Concept of Best Firewood to Burn

Best Firewood to Burn – All About Firewood

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Colleen Roberts

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Heat is a necessity for survival, particularly during the winter months. But it can be incredibly expensive to rely on electric heaters or gas heat that cost a fortune. Fortunately, a third option exists that is more economically and environmentally friendly. And as a bonus, it is more rewarding and effective than the alternatives. That option is burning firewood for heat.

Burning firewood can be very advantageous, whether in a wood stove, fireplace, fireplace, wood-burning fireplace insert or even an outdoor fireplace. Here, we’ll review the best firewood to burn and everything you’ve ever wanted to know about firewood!

Firewood chopped into small logs and stacked outside

The Firewood Landscape

Venturing into the vast firewood-burning world can be intimidating to newcomers. The concept of burning wood for heat is somewhat simple. But there are a number of specifics to take into account. You want to ensure you’re making the process as effective as possible.

One of the primary reasons people are intimidated is because there are so many different kinds of firewood to choose from. When making your choice of firewood to burn, you’ll see some recognizable names such as oak, pine, and maple for the source of the wood. But you’ll also see specifications of the wood, like hardwood, softwood, greenwood, and seasoned firewood. With all these different choices and their combinations, it is no wonder that people look for help when starting out burning wood for heat.

Fortunately, once you learn the different types of wood and how they “stack up against each other”, the decision becomes much easier! In this article, we’ll do just that while helping you decide whether you should buy or cut your wood, how to store and dry it, and common measurements of wood to keep you informed when buying.

Hardwood vs Softwood

Comparing Hardwood vs Softwood

The first of the primary distinctions of wood is Hardwood. Hardwood, as you can likely guess, generally refers to wood from trees that produce hard, thick pieces of wood. The trees that contain this density of wood include maple, elm, beech, oak, and many more due to it being the more popular classification of wood.

If you cannot identify the breed of the tree, you can use the leaves to determine its wood type. Hardwood trees are broadleaf, meaning that they have leaves that are flatter and broader than average. This allows them to better absorb light during warm seasons but causes their leaves to die in the winter.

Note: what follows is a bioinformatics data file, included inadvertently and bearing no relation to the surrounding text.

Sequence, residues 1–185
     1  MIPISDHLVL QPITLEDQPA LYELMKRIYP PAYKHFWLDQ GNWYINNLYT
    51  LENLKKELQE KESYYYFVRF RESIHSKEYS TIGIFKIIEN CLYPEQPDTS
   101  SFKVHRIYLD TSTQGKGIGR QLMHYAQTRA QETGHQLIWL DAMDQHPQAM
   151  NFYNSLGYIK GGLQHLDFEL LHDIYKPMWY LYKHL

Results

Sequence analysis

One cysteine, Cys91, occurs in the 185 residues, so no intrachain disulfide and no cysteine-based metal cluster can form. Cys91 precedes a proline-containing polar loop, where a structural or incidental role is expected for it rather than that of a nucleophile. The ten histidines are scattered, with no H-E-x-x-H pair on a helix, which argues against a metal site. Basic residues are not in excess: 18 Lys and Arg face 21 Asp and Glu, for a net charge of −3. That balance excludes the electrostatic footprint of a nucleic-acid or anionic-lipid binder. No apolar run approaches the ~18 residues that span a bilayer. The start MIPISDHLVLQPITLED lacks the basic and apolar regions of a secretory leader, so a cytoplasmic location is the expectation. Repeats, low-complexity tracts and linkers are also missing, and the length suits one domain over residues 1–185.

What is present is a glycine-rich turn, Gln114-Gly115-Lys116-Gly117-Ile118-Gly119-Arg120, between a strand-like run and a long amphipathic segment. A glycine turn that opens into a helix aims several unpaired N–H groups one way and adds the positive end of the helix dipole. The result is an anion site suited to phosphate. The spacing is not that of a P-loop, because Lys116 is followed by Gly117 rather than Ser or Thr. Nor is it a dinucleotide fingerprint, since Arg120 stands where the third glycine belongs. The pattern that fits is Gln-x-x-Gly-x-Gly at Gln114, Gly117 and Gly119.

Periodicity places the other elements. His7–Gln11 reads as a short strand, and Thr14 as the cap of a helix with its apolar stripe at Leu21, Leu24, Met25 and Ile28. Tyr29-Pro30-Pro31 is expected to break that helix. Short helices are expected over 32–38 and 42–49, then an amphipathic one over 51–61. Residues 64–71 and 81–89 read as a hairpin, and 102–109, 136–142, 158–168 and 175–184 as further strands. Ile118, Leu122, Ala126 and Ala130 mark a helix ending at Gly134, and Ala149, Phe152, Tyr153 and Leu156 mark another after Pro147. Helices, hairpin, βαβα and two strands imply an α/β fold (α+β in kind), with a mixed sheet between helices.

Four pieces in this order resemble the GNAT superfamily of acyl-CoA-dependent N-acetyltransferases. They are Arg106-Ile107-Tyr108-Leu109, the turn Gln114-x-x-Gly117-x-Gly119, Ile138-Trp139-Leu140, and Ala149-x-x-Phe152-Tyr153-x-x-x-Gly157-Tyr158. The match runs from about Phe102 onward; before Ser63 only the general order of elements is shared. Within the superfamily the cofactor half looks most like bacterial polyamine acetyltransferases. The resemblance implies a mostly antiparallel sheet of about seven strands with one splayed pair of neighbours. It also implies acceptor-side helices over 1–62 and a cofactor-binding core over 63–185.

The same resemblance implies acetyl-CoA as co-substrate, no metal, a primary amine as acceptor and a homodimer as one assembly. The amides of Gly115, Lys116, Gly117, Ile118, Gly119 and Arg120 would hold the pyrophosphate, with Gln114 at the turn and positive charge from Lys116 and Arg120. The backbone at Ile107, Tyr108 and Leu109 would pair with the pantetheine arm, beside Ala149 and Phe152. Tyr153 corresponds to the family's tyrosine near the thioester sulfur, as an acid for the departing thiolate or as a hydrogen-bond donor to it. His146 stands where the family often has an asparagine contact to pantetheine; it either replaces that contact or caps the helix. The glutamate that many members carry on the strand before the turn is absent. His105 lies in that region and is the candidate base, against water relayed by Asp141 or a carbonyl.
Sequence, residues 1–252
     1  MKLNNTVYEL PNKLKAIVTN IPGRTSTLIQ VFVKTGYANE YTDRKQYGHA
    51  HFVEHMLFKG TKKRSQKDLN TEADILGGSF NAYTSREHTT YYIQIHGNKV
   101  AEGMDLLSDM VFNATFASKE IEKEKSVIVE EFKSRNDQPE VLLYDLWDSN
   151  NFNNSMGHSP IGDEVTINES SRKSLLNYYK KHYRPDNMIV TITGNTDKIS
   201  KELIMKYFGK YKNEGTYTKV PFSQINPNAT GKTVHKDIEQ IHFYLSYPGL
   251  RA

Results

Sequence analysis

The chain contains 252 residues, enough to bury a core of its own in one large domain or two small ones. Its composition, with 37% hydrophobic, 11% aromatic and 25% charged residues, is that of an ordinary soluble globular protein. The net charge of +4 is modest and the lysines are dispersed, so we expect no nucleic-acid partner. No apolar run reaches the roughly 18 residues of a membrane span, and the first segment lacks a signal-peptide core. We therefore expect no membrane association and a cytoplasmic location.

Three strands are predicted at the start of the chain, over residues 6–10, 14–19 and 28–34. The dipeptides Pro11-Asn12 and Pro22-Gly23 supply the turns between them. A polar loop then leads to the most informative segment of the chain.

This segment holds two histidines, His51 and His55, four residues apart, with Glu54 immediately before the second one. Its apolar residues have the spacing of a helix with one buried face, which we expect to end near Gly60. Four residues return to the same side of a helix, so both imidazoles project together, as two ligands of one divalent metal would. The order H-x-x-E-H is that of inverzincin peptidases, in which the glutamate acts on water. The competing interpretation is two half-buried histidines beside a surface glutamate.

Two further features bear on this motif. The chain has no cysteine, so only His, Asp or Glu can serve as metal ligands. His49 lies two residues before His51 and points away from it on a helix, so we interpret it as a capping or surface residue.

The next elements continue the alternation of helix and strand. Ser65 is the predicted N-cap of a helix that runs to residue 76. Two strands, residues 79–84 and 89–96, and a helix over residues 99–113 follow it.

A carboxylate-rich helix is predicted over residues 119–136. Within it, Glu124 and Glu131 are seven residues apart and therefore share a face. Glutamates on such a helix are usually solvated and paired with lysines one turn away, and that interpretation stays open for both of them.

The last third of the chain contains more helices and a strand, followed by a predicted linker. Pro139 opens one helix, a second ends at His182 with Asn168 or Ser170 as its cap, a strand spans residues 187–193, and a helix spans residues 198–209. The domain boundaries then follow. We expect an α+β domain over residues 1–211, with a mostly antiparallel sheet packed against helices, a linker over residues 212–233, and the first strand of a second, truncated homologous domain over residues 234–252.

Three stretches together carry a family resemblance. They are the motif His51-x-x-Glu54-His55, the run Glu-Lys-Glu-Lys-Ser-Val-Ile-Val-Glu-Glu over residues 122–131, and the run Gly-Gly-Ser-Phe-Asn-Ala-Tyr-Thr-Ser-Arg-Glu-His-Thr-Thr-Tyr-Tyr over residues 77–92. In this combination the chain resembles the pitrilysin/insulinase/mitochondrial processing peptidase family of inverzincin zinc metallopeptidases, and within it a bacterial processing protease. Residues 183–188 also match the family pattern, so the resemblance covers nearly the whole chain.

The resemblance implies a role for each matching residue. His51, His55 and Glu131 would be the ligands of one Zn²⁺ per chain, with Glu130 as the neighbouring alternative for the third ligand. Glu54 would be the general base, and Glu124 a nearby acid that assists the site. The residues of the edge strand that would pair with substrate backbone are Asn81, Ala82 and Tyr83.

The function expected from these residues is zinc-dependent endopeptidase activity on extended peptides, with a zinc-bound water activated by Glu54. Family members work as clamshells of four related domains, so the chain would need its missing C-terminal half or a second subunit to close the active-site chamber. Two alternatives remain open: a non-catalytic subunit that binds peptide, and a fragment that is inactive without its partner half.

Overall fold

Why Choose Hardwood for Burning

First, because the hardwood is so thick, it creates a hotter, longer-lasting fire than softwood without a lot of smoke or sparks. The lack of smoke is great for the environment, and those huddled around it who are breathing in the fumes, but the lack of sparks is also great for the overall stability of the fire. With softwood, you will get more sparks and smoke because it burns more aggressively and quickly.

As an added bonus, burning hardwood as firewood will create hot coals that radiate heat for a long time. This is especially useful for long overnight cooks as with a softwood fuel source, your fire will likely be out by morning because there are no hot coals to keep the fire burning or to restart it when it goes out from burning too quickly. For overnight burns, slow and steady wins the race!

Another slight downside to softwood is the extra time invested in order to keep the fire burning. Softwood burns much more quickly than hardwood as it is much lighter and thinner. Because of this, you will need about twice as much softwood to match the density of the hardwood. As a result, you need to do twice as much cutting, splitting, and stacking, which nobody wants to do.

All About Softwood Firewood

What Is Softwood?

The other primary classification of wood is softwood. No surprises here; softwood refers to wood that comes from trees that produce softer, thinner pieces of wood. Some popular softwood trees are fir, red pine, and cedar.

These trees can also be identified by their leaves, and usually have “needle” and other thin leaves that can contain a pine scent similar to a Christmas tree! They also do not lose their leaves during the winter, which is why you will see them outside during the winter to be used for a Christmas decoration or burning.

Why Choose Softwood for Burning

With all the great benefits of hardwood listed above, it begs the question: why would someone burn softwood if hardwood is so much better?

For starters, when buying the same amount and quality of softwood and hardwood, you should expect to pay more for the hardwood. Softwood is also much easier to light but burns much more quickly than hardwood. As a result, softwood is great for situations like a campfire where you may be battling outside forces such as wind resistance from nature, so you’ll need your fire to be as easy as possible to start. It is also better for when you want to create a short-term fire and be able to easily extinguish it without causing a fire hazard.

On top of that, softwood is also much easier to prepare than hardwood, taking much less time to season than hardwood. If you are cutting, preparing, stacking, and burning your own wood, this means more time and effort for you. Without the seasoning and preparation of the wood, you’re going to have “green wood”, which is a poor burning experience and should be avoided.